Tag Archives: United States Department of Housing and Urban Development

Glad that more people are interested in the small time…

I see that more people have been clicking on my Small Houses Resource Guide post. It would be great if the mayors of our cities would take an interest in providing small housing options for people who do not want or need a large house, but who do want to feel like they have a house and a piece of land to work on and grow food.
I know, I know, we are all supposed to live in apartments, if we can’t afford big monstrous homes. That’s our punishment, right?
When did housing your body get so complicated? Lots of people only need one room and can only afford it. But does that mean they should be cramped into an apartment slum? Think about it; land that is just going to waste somewhere. Lay some plumbing and a road. Some street lights. Then divide up lots. 25’x25′ or 50’x50′. The people can move in with just tents, if the climate permits, and then move around in the space to find neighbors that they are comfortable with. No assigning and locking people in. Too George Orwell. When they find their spot and keep peaceful for a trial period (about a year)… then they get to meet with charities who can help them build their safe, affordable, snug home. Whooo ray for us, we helped stop homelessness.

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Joshua Duerk on Helping Those in Need of Housing

….”Though there are many helpful organizations, perhaps most important in the fight against homelessness is ensuring the availability of low-cost housing.” Ain’t that the truth! — T.J.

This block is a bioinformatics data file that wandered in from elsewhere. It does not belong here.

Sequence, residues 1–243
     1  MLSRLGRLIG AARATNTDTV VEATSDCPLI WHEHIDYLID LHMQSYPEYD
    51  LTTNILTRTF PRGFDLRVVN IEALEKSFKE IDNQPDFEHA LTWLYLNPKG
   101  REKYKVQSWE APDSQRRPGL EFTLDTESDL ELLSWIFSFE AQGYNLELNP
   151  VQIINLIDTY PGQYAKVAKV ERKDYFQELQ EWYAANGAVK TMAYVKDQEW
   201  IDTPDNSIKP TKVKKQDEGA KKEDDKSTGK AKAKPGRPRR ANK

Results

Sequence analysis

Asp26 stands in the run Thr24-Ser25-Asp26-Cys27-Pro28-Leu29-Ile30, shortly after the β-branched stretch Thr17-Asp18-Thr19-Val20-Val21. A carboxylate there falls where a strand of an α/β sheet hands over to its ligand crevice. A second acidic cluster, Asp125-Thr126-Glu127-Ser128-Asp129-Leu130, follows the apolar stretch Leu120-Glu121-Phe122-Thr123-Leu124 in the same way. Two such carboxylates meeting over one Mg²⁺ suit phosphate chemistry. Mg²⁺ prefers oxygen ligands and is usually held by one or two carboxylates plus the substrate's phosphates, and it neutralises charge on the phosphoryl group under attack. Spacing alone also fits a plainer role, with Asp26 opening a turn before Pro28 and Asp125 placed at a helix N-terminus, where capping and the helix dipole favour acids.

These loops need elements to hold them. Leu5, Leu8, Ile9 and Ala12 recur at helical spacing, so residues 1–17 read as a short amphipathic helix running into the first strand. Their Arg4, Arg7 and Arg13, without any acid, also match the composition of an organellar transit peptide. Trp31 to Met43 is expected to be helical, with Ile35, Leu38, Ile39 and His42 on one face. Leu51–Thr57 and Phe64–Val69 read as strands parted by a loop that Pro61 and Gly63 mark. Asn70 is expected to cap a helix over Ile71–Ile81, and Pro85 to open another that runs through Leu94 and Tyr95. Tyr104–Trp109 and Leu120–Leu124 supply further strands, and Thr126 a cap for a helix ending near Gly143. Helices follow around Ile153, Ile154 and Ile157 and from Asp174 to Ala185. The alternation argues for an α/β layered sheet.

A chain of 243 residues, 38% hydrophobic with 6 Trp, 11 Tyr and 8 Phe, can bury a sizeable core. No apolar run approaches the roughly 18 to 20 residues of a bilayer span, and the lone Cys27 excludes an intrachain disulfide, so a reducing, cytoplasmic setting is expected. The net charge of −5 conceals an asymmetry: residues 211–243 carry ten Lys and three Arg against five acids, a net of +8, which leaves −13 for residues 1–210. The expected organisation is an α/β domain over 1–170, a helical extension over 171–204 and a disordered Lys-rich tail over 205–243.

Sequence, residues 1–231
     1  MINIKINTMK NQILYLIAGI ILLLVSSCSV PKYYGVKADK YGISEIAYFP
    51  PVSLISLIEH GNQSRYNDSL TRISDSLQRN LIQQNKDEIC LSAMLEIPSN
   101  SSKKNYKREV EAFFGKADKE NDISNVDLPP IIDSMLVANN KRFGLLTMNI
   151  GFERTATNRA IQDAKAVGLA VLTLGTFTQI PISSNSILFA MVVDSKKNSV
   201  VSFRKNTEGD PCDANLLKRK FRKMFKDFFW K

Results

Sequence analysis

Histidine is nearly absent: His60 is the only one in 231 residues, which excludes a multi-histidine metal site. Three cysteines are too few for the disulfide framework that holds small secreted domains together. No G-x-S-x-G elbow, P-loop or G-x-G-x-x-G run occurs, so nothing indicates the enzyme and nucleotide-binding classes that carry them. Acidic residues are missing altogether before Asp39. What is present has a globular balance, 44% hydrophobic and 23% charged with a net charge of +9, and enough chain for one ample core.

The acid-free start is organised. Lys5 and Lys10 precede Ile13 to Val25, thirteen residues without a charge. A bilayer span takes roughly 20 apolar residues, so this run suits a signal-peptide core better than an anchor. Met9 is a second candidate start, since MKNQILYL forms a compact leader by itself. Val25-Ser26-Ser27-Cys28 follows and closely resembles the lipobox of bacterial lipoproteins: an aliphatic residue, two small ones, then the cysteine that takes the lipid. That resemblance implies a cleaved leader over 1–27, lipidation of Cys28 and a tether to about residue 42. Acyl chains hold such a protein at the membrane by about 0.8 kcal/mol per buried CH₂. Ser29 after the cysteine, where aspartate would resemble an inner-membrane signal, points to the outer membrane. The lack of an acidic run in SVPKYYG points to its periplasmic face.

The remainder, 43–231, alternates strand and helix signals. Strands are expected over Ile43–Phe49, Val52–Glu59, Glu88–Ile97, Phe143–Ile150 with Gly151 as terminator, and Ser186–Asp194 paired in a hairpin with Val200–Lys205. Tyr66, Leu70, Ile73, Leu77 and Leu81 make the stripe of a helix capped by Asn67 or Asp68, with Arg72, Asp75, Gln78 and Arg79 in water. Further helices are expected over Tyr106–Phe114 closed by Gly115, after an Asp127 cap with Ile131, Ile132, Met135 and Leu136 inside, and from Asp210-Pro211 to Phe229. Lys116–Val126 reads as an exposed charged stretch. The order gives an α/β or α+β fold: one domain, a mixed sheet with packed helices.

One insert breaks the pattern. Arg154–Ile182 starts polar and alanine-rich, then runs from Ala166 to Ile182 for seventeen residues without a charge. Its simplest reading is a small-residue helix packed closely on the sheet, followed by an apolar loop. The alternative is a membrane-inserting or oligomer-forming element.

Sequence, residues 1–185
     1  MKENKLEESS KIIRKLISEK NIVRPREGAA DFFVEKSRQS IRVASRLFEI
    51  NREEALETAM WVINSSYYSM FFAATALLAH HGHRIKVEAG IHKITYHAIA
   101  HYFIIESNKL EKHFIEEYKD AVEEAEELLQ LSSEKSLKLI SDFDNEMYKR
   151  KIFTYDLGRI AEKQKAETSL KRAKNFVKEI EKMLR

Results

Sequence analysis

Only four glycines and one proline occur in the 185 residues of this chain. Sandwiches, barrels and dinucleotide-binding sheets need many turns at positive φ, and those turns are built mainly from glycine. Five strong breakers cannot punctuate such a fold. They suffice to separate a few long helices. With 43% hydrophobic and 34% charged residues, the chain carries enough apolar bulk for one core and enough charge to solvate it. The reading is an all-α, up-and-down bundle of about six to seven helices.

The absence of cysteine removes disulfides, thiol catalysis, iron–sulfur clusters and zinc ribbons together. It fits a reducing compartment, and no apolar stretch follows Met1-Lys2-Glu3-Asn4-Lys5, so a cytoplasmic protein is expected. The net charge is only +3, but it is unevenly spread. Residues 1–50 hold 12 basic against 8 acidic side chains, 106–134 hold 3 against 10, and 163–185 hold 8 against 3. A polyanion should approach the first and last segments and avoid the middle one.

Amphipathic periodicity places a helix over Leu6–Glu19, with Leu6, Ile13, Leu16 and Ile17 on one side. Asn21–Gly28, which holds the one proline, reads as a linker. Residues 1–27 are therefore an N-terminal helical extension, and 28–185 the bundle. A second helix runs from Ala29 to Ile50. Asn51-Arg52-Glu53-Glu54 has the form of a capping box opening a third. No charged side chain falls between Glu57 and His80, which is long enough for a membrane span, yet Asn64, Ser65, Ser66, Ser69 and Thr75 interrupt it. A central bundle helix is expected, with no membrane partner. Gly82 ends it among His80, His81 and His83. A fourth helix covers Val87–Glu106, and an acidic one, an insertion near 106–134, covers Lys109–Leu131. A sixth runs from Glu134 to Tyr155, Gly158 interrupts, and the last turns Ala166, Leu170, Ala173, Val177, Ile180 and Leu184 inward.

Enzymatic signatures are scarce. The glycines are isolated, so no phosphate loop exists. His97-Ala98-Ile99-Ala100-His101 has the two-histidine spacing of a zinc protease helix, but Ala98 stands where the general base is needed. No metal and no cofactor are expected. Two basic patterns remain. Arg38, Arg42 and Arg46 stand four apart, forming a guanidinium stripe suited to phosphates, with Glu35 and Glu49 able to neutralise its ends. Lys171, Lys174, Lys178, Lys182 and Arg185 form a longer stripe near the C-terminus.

Joshua Duerk's WordPress Blog

With the steady increase in homelessness in America over the past two decades, the need for housing subsidy programs has become especially resonant. Maryland is no exception—Baltimore-Towson ranked 23rd in a survey of homelessness in America’s highest-populated metro areas. Fortunately, there are programs in existence that can help.

The federal government’s Housing Choice Voucher Program (Section 8) offers financial assistance in the form of vouchers to very low-income families and individuals, the disabled, and the elderly to help cover housing costs.

Another program, the state of Maryland’s Rental Allowance Program, provides grants to local governments, who then subsidize low-income or homeless individuals’ and families’ housing needs.

Baltimore-based Alliance, Inc. offers help to veterans who are either homeless or near homelessness by providing access to housing resources and financial assistance for permanent housing.

Though there are many helpful organizations, perhaps most important in the fight against homelessness is ensuring the availability…

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Shelter report: shocking claims on gatekeeping

I experienced ‘GateKeeping’ myself. The public housing people try to make it very hard for the homeless to get a unit.


Lo and Behold…

Merry Christmas

Merry Christmas (Photo credit: Wikipedia)

I just got a letter today about how my four-year old (that’s four years, folks) application for low-income housing has finally come to the surface of the pile and I am supposed to go to a meeting to show them I am still interested. Does this have ANYTHING  to do with the fact that I complained to another agency one week ago that I was having a hard time complying with their requirements because of homelessness, and that I have been waiting on the housing list for four years? Humm.

Anyway, the journey has begun and I will send you pictures of the place and give you up dates, when and if it all happens. You get to actually see someone get off the streets. Mind you, considering the surrounding situation and the types of gatekeepers in my dear city, I’m sure they will put me in the sorriest spot they can find. Not being negative, just realistic. The reason I (and others like me) have been waiting so long on the housing list is that we are not part of the favored group that gets housing here. Unfair, since the group I belong to (via my family background) has been building this city from the beginning and have a long history in this area.

But, at least it’s a bed and a kitchen (yeah! I can cook my own food) and a bathroom and I can get my stuff out of storage. Take care and have a Merry Christmas.


Two Great New Reads

http://www.homelesshub.ca/

http://www.huffingtonpost.com/maria-foscarinis/attack-homelessness-not-h_b_1637999.html